The Northern District of California recently denied Electronic Art's motion to dismiss a right of publicity claim brought against it by former college football player Sam Keller. The dispute was over the use by EA of Keller's college jersey number, physical characteristics, and other identifiers (such as home state) in EA's NCAA Football video game. EA argued that its use of Keller's likeness was a defensible violation of Keller's right of publicity under two different First Amendment arguments: (a) that the use was transformative; and/or (b) that it was merely publishing matters in the public interest (i.e., reporting newsworthy information). In finding that the use was not transformative, the court noted that when looking at the use of Keller's likeness,rather than the game as a whole, EA has shown Keller "as what he was: the starting quarterback for Arizona State University." In finding that the use was not merely news reporting, the court distinguished from fantasy football games (where use of player stats has been found to be protected under the First Amendment). In particular, unlike a fantasy football game where the reporting on the actual facts is necessary for a participant's success in the fantasy football game, in NCAA Football, a video game player's success was not dependent on the real-life facts. Moreover, the court noted, EA had provided more than just the bare facts, but had also included other elements, such as the college and university players' physical characteristics and home states.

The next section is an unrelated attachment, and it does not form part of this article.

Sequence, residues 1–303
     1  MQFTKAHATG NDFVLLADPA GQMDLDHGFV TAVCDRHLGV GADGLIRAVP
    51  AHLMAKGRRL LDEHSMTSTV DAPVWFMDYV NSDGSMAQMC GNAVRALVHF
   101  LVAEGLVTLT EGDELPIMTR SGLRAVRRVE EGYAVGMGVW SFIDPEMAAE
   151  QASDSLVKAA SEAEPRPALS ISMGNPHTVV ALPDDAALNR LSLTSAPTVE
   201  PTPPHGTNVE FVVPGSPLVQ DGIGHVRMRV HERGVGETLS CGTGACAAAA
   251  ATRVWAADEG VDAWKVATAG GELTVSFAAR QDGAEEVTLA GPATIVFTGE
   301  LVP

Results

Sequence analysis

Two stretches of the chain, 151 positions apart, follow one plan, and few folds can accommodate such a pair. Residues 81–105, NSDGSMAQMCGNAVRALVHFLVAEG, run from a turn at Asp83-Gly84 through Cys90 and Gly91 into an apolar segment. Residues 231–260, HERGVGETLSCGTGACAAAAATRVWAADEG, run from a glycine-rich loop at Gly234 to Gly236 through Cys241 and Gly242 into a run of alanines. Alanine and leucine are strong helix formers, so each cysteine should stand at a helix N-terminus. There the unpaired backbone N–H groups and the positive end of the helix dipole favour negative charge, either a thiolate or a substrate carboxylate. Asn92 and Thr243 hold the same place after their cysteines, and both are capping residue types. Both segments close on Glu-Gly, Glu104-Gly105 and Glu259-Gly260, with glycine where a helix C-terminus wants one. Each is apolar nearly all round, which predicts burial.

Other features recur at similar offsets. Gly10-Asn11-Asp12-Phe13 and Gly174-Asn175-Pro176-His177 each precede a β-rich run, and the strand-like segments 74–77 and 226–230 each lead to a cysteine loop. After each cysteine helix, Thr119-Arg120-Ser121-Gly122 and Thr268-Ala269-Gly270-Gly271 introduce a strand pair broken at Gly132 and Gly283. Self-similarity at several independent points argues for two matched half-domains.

TIP: If you are considering using a celebrity's name or likeness in your advertisement, take care if you believe that your use is protected by the First Amendment as such a defense is quite limited.